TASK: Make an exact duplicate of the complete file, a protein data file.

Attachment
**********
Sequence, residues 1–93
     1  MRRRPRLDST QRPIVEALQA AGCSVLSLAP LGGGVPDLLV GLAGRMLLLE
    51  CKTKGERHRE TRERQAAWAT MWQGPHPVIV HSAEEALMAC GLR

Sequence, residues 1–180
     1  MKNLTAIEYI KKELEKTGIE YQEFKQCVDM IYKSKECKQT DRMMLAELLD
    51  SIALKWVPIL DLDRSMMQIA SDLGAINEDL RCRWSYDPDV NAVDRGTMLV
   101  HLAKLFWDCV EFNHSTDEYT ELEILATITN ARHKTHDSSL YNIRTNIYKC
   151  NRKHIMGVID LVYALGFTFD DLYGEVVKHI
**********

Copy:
Sequence, residues 1–93
     1  MRRRPRLDST QRPIVEALQA AGCSVLSLAP LGGGVPDLLV GLAGRMLLLE
    51  CKTKGERHRE TRERQAAWAT MWQGPHPVIV HSAEEALMAC GLR

Sequence, residues 1–180
     1  MKNLTAIEYI KKELEKTGIE YQEFKQCVDM IYKSKECKQT DRMMLAELLD
    51  SIALKWVPIL DLDRSMMQIA SDLGAINEDL RCRWSYDPDV NAVDRGTMLV
   101  HLAKLFWDCV EFNHSTDEYT ELEILATITN ARHKTHDSSL YNIRTNIYKC
   151  NRKHIMGVID LVYALGFTFD DLYGEVVKHI